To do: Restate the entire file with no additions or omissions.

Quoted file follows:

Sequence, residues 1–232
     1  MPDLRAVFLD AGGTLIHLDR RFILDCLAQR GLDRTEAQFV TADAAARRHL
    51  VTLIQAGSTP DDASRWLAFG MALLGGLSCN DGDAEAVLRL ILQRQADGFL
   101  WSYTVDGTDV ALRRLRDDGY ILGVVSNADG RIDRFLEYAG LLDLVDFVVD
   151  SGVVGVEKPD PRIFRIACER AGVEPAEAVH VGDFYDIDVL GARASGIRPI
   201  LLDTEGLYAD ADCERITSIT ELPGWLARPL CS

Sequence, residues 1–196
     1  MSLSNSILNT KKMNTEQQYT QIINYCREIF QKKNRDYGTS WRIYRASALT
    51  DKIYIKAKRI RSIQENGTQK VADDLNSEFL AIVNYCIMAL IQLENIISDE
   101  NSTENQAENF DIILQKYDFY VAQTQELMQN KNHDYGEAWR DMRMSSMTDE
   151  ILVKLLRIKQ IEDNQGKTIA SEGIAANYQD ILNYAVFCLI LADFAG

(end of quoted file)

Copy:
Sequence, residues 1–232
     1  MPDLRAVFLD AGGTLIHLDR RFILDCLAQR GLDRTEAQFV TADAAARRHL
    51  VTLIQAGSTP DDASRWLAFG MALLGGLSCN DGDAEAVLRL ILQRQADGFL
   101  WSYTVDGTDV ALRRLRDDGY ILGVVSNADG RIDRFLEYAG LLDLVDFVVD
   151  SGVVGVEKPD PRIFRIACER AGVEPAEAVH VGDFYDIDVL GARASGIRPI
   201  LLDTEGLYAD ADCERITSIT ELPGWLARPL CS

Sequence, residues 1–196
     1  MSLSNSILNT KKMNTEQQYT QIINYCREIF QKKNRDYGTS WRIYRASALT
    51  DKIYIKAKRI RSIQENGTQK VADDLNSEFL AIVNYCIMAL IQLENIISDE
   101  NSTENQAENF DIILQKYDFY VAQTQELMQN KNHDYGEAWR DMRMSSMTDE
   151  ILVKLLRIKQ IEDNQGKTIA SEGIAANYQD ILNYAVFCLI LADFAG